2018-01-24 - Experiments with Cjdns

In December I spent some time experimenting with a mesh overlay network called Cjdns that has some interesting qualities about it. I’m not at all a fan of the darkside-crypto-anarchy mentality that pervades some of the Hyperboria network participants as I believe it erodes away at the legitimacy of the technology in the same way as Torrent and Tor peer-to-peer systems have issues. With an information-security-hat on however it’s a technology to understand because among other things it can very easily bridge networks in ways you probably do not care for.

There are several key concepts with Cjdns that when bought together that make it rather neat indeed, however the “thing” that I find most interesting is the approach to the address-allocation and key-verification.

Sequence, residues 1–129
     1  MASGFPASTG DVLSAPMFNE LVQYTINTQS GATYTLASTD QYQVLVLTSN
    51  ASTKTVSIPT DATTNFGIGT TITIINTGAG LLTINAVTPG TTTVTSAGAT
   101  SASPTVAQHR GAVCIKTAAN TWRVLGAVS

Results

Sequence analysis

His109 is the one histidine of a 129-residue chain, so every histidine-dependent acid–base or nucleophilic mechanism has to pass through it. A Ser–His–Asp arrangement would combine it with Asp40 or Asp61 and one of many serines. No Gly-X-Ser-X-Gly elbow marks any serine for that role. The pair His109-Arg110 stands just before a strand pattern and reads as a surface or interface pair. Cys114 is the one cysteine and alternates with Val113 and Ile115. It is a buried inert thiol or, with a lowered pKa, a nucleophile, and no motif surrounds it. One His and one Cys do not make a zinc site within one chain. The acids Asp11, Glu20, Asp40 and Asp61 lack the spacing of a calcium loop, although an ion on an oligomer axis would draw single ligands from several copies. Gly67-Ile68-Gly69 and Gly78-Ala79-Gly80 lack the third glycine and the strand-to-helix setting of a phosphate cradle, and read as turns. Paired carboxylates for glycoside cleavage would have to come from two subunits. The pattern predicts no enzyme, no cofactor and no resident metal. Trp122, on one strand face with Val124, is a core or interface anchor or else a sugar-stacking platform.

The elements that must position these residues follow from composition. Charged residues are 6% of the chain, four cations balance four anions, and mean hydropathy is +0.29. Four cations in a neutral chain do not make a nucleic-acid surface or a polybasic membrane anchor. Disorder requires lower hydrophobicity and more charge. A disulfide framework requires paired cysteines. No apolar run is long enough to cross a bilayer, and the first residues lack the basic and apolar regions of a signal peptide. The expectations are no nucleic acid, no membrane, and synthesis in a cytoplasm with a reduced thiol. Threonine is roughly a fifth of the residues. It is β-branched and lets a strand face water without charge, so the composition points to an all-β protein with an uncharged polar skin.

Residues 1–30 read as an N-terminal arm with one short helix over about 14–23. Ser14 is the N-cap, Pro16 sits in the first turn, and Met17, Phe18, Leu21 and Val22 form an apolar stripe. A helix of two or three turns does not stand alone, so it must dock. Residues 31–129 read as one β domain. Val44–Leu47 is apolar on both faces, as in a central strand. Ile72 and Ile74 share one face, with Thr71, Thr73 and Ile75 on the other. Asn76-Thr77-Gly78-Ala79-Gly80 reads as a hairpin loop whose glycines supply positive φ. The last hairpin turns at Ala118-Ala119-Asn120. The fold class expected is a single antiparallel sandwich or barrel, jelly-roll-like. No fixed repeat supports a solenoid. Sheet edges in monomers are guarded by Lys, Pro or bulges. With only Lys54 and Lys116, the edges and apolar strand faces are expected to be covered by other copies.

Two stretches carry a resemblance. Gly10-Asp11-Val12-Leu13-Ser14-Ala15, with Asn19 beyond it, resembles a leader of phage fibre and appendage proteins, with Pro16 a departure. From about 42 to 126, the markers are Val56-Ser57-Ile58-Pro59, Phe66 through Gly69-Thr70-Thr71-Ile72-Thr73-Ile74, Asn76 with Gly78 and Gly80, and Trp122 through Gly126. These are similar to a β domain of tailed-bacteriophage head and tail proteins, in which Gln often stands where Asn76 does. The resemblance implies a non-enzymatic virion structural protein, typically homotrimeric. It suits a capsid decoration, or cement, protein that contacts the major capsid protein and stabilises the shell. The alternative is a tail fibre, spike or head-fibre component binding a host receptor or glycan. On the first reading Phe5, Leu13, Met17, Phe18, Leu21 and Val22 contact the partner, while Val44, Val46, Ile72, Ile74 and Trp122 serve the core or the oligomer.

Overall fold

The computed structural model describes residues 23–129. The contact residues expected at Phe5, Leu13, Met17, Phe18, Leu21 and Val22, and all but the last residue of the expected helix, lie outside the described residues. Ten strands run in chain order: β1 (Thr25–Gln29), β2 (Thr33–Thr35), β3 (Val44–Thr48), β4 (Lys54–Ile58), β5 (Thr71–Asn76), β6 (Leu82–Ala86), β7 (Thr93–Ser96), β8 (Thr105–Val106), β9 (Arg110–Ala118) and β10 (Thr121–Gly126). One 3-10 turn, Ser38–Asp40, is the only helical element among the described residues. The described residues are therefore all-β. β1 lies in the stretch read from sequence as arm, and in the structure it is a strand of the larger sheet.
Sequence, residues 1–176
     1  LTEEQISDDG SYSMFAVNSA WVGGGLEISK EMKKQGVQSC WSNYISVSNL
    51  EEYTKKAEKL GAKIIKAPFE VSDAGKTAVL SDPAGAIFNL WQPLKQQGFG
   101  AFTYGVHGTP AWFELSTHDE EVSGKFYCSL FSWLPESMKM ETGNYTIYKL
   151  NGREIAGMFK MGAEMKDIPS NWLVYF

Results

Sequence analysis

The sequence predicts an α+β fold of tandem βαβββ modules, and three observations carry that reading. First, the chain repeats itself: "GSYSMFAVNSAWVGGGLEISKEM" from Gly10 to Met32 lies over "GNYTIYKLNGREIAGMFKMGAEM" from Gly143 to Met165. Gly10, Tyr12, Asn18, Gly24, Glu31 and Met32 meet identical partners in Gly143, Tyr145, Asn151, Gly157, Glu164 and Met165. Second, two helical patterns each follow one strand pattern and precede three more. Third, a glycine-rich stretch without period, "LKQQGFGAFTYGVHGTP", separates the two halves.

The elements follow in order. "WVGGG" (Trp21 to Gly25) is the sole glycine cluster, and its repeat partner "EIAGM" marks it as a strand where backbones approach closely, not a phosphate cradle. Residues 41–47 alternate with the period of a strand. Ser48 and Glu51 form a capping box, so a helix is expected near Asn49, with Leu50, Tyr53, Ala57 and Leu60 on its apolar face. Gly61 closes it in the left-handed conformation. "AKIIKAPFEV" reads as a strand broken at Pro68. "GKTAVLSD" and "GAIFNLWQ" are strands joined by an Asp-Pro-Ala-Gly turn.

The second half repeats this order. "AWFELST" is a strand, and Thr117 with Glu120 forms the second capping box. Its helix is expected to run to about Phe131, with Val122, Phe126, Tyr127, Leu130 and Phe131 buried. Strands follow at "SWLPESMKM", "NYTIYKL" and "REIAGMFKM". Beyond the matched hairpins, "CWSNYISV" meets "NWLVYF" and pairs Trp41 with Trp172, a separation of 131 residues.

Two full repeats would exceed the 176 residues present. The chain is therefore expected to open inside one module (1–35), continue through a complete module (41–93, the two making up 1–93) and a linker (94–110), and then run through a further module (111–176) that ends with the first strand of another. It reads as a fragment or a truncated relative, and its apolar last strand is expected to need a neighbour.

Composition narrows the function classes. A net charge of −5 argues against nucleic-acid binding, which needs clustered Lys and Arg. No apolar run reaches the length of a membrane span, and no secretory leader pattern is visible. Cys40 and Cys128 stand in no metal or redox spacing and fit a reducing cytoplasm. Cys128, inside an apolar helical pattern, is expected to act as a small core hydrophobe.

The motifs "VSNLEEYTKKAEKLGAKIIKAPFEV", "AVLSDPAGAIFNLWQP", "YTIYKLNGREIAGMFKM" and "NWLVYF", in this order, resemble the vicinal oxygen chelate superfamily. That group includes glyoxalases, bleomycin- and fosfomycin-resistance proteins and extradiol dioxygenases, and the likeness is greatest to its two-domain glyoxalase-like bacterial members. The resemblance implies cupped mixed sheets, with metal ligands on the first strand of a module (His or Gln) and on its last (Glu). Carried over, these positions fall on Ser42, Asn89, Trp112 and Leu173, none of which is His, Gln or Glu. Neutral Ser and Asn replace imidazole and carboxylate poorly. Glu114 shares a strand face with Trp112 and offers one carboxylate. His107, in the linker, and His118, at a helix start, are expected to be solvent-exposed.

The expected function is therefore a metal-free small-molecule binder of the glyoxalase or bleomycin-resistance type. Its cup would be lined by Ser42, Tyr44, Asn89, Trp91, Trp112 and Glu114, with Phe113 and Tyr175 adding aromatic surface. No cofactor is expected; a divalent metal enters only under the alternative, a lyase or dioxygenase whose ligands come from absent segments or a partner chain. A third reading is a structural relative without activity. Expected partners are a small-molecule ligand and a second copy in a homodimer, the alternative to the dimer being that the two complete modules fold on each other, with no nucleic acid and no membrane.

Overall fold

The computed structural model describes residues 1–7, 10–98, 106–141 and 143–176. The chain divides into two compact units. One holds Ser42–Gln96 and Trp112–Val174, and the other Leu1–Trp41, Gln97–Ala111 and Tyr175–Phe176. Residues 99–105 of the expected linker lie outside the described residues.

Address allocation and keys

Cjdns is built on IPv6 networking which means you might need to (or rather I needed to) get over anxieties about growing up from an IPv4 world. The choice of IPv6 by Cjdns is important because the self-allocated IPv6 addresses are entangled with the node public key which tightly-couples addresses with public-keys and in-turn means network participants implicitly know that a public-key is the correct key for an IPv6 address. This very nicely deals with the key-distribution and verification hassles without needing any kind of central authority etc.

This is achieved by generating many private/public keypairs doing a double-sha512 on the first 16 bytes of the public-key until the result starts with FC which then forms the IPv6 address.